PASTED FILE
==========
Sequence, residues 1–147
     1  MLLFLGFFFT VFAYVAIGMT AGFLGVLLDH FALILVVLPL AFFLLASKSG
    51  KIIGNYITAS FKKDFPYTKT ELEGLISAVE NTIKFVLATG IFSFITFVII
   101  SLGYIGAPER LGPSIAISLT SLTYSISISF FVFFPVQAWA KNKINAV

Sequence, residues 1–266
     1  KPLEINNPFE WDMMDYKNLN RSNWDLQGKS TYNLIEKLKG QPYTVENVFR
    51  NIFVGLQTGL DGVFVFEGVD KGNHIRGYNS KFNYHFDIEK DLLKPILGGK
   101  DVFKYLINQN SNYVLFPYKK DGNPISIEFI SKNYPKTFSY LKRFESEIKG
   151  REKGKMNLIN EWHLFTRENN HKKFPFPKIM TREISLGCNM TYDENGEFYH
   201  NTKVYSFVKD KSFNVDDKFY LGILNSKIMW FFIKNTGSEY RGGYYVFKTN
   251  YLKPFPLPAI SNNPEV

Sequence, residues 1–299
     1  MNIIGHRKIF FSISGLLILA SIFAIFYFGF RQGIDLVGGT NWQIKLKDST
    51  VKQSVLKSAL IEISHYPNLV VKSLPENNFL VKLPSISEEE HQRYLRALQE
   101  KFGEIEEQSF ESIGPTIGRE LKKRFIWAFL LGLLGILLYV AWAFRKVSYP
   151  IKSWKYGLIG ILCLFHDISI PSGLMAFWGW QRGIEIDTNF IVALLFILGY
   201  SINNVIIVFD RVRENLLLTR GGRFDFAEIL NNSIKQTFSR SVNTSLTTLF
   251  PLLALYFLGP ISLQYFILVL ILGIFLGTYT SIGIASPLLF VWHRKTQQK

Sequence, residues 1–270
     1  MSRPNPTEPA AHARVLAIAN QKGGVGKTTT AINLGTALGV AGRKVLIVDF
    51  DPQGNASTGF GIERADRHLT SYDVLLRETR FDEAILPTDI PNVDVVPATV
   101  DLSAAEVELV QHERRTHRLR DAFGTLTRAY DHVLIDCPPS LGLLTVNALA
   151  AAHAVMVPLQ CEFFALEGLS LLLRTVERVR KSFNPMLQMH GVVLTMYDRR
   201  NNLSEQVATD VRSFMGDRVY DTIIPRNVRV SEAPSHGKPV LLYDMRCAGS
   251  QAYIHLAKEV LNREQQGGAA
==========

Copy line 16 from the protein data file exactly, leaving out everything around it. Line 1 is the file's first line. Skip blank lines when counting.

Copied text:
   151  IKSWKYGLIG ILCLFHDISI PSGLMAFWGW QRGIEIDTNF IVALLFILGY